Western society faces a powerful cultural meme, propagated by governments and corporations alike, that buying things creates happiness. Sure, some material goods can bring some measure of happiness, some of the time. However, most everything sold by the Walmarts of our world will bring you no more lasting joy than a kick in the balls. Here’s a list of reasons to buy less stuff, organized into four groups.
1. Junk won’t make you happy – do you really think that that fancy spatula/tongs kitchen tool will bring you lasting happiness? Or that miniature camera tripod? Or those smelly candles? Or that new garden tool? Come on!
2. Save money – if you spend less on things that won’t make you happy, you have more money for the things that will
3. Buying less helps keep your ego in what matters – there’s nothing more pathetic than people who base their ego on the look of their cars, the size of their houses, the speed of their computers, or the size of their video game collections. I don’t care if you drive a ferrari. Try basing your ego on something that matters, like your contribution to humanity.
4. Get to have higher quality stuff – instead of buying many, worthless things, you get to have fewer, more valuable things.
5. Makes you cooler – I have found that a slick, uncluttered apartment, furnished with high-quality stuff will impress people who are worth impressing (dear geeks: in the eyes of a woman, 2 linux boxes, a windows laptop, a backup laptop, and three legacy machines you’re fixing up is nerdy; one little white macbook is cute.)
6. Have more room – if you stop filling your home with clutter, it gives you more room to actually live in, more room for visitors, more room for parties, etc.
7. Feel free – I get a great sense of freedom from knowing that every material thing to which I attach emotional worth can fit in one small suitcase.
8. Save time and effort – buying less stuff requires less time shopping, cleaning, getting things repaired, organizing and so on. Having less means that it’s easier to find things, especially when you’re trying to get out of the house on time.
9. It gives you power – wasting your money on nick-knacks and dust catchers gives marketers power over you. Take that power back by not buying their poorly made, poorly designed crap. Having less stuff means you don’t need as big a home, i.e., you don’t need as big a mortgage. That gives you power too, power you would otherwise relinquish to a bank or other lender.
10. It also gives you flexibility – a less cluttered home gives you more ways of opening up space for parties, and makes it easier to move to a new home.
11. Less frustration – having fewer things means there are fewer things to break; having better quality things means that what you do have will break less. It’s also harder to lose things when you have less.
12. Improve your health – less clutter means less dust, less junk means less harmful chemicals in your home, less disorganization means fewer accidents (you can’t trip on it if it’s not there).
13. Avoid crime – having a smaller, sparsely adorned home will remove you from the local thieves target list. DVD players are easy to sell on the street. A designer Italian coffee table that expands into a dining table, is not.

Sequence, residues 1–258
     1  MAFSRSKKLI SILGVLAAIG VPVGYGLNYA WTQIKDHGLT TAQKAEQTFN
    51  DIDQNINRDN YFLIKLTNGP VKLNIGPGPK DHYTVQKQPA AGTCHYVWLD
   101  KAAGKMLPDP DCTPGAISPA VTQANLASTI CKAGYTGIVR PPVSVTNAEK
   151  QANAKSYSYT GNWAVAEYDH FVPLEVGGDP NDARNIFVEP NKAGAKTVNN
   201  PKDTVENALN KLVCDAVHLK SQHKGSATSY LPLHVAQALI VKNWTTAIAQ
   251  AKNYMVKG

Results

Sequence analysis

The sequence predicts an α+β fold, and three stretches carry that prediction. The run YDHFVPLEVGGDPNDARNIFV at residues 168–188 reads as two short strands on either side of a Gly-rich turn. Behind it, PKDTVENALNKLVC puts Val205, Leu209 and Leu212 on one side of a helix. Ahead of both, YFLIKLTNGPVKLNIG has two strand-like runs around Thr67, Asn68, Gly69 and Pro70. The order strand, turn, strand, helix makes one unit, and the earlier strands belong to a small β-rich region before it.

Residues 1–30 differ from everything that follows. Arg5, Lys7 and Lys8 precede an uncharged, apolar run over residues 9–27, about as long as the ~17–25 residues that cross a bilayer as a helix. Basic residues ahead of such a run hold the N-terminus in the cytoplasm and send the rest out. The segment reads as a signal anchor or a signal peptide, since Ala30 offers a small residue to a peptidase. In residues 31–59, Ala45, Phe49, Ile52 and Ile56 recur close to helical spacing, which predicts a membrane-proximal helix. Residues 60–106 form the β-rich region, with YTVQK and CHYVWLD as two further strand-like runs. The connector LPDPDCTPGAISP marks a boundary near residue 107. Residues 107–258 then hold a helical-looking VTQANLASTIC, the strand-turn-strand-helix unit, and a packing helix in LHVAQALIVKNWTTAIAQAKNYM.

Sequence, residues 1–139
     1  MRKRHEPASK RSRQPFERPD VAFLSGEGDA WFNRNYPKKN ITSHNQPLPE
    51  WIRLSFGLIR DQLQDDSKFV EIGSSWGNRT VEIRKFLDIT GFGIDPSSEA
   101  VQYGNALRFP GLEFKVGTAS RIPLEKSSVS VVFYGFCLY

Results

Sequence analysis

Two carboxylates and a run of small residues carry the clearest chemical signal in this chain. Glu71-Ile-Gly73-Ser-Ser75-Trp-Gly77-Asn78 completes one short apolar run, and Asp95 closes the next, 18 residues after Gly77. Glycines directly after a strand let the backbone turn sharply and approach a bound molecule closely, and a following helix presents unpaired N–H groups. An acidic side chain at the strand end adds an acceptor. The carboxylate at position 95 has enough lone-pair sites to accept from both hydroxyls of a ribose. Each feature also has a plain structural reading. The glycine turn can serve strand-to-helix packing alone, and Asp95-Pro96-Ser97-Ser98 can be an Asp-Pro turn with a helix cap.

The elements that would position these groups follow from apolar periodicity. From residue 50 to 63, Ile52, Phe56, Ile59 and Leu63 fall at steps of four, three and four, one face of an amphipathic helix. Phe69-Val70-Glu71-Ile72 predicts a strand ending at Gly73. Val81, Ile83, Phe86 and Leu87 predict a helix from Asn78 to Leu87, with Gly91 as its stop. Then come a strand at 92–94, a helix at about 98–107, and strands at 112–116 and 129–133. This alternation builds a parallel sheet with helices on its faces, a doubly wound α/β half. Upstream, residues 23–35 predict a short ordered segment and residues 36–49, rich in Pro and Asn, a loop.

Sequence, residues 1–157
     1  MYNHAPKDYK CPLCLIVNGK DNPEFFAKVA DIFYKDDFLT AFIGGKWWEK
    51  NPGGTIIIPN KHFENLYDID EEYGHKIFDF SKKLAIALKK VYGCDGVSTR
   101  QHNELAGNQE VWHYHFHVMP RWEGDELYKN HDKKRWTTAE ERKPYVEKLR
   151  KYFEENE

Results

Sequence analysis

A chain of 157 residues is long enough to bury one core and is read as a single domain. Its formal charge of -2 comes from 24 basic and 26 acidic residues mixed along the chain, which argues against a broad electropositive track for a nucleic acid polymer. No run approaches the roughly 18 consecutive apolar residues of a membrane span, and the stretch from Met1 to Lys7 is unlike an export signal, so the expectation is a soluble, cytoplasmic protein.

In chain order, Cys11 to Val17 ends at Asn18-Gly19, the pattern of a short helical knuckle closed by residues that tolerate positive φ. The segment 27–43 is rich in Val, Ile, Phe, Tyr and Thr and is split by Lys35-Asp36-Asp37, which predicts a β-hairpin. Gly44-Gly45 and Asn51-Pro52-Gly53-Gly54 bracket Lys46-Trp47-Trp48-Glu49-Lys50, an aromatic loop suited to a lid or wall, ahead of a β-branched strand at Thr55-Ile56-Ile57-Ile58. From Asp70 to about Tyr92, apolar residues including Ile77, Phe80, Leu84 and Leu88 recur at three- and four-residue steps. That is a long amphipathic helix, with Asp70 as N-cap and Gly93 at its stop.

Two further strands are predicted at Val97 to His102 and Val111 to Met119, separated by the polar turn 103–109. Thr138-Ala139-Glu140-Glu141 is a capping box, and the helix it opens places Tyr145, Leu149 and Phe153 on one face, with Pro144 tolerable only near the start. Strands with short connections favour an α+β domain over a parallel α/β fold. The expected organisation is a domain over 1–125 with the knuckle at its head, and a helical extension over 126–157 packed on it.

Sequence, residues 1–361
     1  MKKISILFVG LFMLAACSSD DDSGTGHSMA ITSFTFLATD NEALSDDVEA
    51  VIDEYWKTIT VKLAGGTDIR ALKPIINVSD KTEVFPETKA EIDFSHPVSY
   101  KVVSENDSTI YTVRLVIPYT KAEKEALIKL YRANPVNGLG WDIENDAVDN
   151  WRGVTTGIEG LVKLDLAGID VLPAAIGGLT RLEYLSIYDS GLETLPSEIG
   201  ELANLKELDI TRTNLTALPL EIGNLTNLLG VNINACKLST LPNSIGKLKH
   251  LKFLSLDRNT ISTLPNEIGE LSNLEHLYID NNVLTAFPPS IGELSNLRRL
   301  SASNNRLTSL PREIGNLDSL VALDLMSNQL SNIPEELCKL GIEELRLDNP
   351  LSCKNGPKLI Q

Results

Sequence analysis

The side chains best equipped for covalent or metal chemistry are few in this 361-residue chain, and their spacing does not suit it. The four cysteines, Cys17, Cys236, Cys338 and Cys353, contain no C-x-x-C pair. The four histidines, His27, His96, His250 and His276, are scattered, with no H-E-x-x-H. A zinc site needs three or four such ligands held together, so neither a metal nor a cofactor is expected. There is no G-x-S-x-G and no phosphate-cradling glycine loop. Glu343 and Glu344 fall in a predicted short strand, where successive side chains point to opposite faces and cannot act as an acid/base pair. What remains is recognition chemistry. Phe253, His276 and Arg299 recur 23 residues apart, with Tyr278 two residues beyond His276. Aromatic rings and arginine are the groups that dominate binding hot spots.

14. Simple insurance claim – when shit happens, having fewer things makes for a much simpler insurance claim.
15. Simplify your will – deciding who gets what is easier when there is less stuff.
1. Stop fights with your partner – having fewer things means there are less things to fight about. The fact that it’s easier to keep your space clean and neat means the messier of the couple will not irritate the neater as much.
2. Improves your sex life – you’ll have more space for romping, and better things to romp on/with, not to mention more money to spend on things that really juice up the sex life, like romantic vacations
3. More intimacy – Having fewer things (like chairs) and less space means people have to sit closer together
4. Beauty in Simplicity – whether you’re still trying to find Mr. or Mrs. Right, or just trying to hold on to the partner you have, living in a beautiful space can’t hurt. Have you ever seen beautiful clutter? I didn’t think so.
1. good for human rights – stop buying stuff made in sweatshops and the sweatshops will close
2. it’s good for the national economy – I didn’t say stop spending money, just stop buying junk. Buying better goods often means buying goods assembled in your country, so more money stays in your country
3. good for your country’s workers – some of the money that stays in your country is paid to local workers
4. you take up less space – it cost society less to provide services to a populace that is spread over less area
5. more flexibility to donate to worthwhile causes – since you’re not wasting all your money on junk, you might consider giving some to charity
1. save energy – manufacturing, marketing and transporting goods requires energy
2. combat climate change – use less energy = use less fossil fuels
3. reduce air pollution – from both transportation and manufacturing
4. reduce water pollution – all the lead from those lead-tainted toys will get in the water supply sooner or later
5. smaller cities and less urban sprawl – if the people in the city take up less space, so does the city
6. produce less harmful chemicals – fewer batteries, for example
7. consume fewer resources – you have to make all that junk out of something
8. Stop destroying the forests – some junk is made out of wood products
If you take one thing away from this list, let it be this: when the ad says that such-and-such product will make you happy, it’s probably bullshit. Buying, owning and being surrounded by less stuff helps you focus on what really makes you happy. I can’t tell you what makes you happy, but if you think about it, you will probably find that it is not available at Walmart.